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9. Older adults with coexisting chronic health conditions, 7 8 like coronary heart disease and hypertension, lung disease, or diabetes; health risk factors such as tobacco use9 and air pollution (e.g., in international hotspots for COVID-19, such as Wuhan, Northern Italy, and South Korea, which have pretty high levels of air pollution) 10, make viral respiratory infections such as COVID-19 particularly dangerous. Given the recency of the COVID-19 pandemic, scientists are still determining the full picture of the disease symptoms and severity.
The U.S. Centers for Disease Control and Prevention (CDC) suggests that symptoms of COVID-19 may appear in as few as 2 days or as long as 14 days after exposure to the virus 11.
Reported symptoms in patients have varied from mild to severe, and can include fever, cough and shortness of breath 12.
In general, studies of hospitalized patients have found that
- about 83 to 98 % of patients develop a fever,
- 76 to 82 % develop a dry cough and
- 11 to 44 % develop fatigue or muscle aches.
- Other symptoms, including headache, sore throat, abdominal pain, and diarrhea, have been reported, but are less common.
- While 4 % of the people worldwide confirmed as having been infected have died,
WHO has been careful not to describe this figure as a mortality rate or death rate.
This is because during an evolving epidemic it can be misleading to look simply at the estimate of deaths divided by cases to date.
Given that the actual prevalence of COVID-19 infection remains unknown in most countries, it poses an unparalleled challenge with respect to global containment and mitigation.
These issues reinforce the need to strengthen the response to the COVID-19 pandemic across all IDA/IBRD countries to minimize the global risk and impact posed by this disease.
10. Containment and Mitigation Response.
As of March 29, 2020, the outbreak has resulted in an estimated 685,623 confirmed cases, 32,137 confirmed deaths, and 145,696 recovered cases in 177 countries/regions 13.
COVID19 continues to infect thousands and spread rapidly across the globe (Figure 3). As COVID-19 seems to spread from person to person in a similar manner as other cold or influenza viruses (i.e., face to face contact with a sneeze or cough, or from contact with secretions of those infected), non-pharmaceutical interventions, both individual and collective, constitute a critical pillar for COVID-19 control—particularly, since there are no licensed vaccines or antivirals for treatment yet. Experience from different countries is now demonstrating that in the face of wider community transmission with multiple foci, a strategy of containment must be complemented by mitigation
- (i) close monitoring of changes in epidemiology and
- the effectiveness of public health strategies and their social acceptance;
- (ii) enhanced communication strategies to provide the population with information for self-protection, including hand washing;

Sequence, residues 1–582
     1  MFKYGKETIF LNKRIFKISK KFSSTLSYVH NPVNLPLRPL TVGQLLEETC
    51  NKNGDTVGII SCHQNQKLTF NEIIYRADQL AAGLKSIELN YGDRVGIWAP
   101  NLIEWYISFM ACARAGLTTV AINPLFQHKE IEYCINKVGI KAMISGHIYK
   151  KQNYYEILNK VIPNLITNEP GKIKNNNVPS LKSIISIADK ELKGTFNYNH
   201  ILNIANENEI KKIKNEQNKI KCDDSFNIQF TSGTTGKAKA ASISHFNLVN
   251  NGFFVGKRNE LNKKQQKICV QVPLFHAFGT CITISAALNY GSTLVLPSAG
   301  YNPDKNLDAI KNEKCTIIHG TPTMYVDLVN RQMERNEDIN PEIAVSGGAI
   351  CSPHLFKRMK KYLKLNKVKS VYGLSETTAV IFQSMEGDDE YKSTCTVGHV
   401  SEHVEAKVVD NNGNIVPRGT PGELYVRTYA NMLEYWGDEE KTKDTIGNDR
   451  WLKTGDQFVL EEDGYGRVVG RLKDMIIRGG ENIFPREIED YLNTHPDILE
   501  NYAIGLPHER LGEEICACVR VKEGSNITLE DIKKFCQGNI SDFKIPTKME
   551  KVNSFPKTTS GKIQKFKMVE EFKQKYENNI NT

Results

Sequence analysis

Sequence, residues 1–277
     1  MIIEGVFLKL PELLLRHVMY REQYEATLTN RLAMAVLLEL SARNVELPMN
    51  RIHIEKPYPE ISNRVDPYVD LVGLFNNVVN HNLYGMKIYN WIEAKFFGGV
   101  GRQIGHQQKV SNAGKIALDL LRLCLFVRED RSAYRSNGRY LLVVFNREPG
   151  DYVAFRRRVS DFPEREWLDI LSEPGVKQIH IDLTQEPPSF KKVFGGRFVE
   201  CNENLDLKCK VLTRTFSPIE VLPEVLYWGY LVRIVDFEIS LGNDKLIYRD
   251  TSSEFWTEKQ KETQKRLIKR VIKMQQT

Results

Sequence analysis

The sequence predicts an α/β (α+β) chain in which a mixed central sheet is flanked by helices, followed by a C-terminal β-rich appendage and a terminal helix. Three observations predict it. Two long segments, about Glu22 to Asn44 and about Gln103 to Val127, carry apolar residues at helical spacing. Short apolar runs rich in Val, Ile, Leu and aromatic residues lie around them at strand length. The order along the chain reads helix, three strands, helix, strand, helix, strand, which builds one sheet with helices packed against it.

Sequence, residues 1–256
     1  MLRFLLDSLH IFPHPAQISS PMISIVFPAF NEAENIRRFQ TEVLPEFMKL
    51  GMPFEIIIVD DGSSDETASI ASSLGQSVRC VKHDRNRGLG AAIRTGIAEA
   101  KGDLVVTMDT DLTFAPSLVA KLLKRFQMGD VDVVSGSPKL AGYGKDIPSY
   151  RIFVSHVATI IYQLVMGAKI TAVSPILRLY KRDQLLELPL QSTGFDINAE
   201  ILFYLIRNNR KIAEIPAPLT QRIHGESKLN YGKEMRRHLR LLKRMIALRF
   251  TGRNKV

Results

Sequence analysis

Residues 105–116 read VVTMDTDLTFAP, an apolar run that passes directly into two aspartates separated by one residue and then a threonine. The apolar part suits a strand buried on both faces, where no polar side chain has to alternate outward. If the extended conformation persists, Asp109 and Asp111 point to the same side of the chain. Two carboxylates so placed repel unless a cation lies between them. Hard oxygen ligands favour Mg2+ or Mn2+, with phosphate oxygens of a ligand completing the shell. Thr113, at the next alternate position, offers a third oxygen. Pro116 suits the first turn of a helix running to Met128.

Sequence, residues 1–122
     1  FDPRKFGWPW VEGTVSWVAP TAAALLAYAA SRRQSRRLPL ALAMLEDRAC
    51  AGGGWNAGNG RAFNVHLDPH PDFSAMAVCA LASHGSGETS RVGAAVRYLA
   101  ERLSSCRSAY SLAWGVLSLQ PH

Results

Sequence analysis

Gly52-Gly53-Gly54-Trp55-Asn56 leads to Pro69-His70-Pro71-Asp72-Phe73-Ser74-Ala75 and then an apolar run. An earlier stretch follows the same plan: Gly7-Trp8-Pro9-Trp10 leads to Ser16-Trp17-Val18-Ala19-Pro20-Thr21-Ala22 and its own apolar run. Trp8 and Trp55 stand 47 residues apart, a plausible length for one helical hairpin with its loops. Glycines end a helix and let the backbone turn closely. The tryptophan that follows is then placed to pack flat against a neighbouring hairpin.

- (iii) intensive control measures, including isolation of patients and persons testing positive for the virus, contact tracing and health monitoring, strict health facility
infection prevention and control, including safe water and sanitation in health facilities, and active disease surveillance and containment activities;
- (iv) preparation for resilience of health systems in all countries, as is done at the time of seasonal influenza, anticipating severe infections and the course of disease in older people and other vulnerable populations at risk of severe disease (e.g., people with co-occurring chronic health conditions); and
- (v) in the case of widespread community transmission, mitigation activities, such as social distancing measures
e.g.,7 Fauci, AS, Lane, C, and Redfield, RR. 2020. “Covid-19 — Navigating the Uncharted.” New Eng J of Medicine, DOI: 10.1056/NEJMe2002387
8 Shi, S. 2020. “Association of Cardiac Injury with Mortality in Hospitalized Patients with COVID-19 in Wuhan, China.” JAMA Cardiol. Published online March 25, 2020, doi:10.1001/jamacardio.2020.0950.
9 Marquez, PV. 2020. “Does Tobacco Smoking Increases the Risk of Coronavirus Disease (COVID-19) Severity? The Case of China.”
10 Calma, J. 2020. “Air pollution could make the COVID-19 pandemic worse for some people. Pollution piles on top of other risk factors.” Accessed at:
11 US Centers for Disease Prevention and Control site. Accessed at: https://www.cdc.gov/coronavirus/2019-ncov/symptoms-testing/symptoms.html
12 Del Rio, C. and Malani, PN. 2020. “COVID-19—New Insights on a Rapidly Changing Epidemic.” JAMA, doi:10.1001/jama.2020.3072
13 https://coronavirus.jhu.edu/map.html, Johns Hopkins Center for Systems Science and Engineering
14 Heymann, DL, Shindo, N, on behalf of the WHO Scientific and Technical Advisory Group for Infectious Hazards. 2020. “COVID-19: What is Next for
Public Health?”. The Lancet, DOI.org/10.1016/SO140-6736(20)30374-3.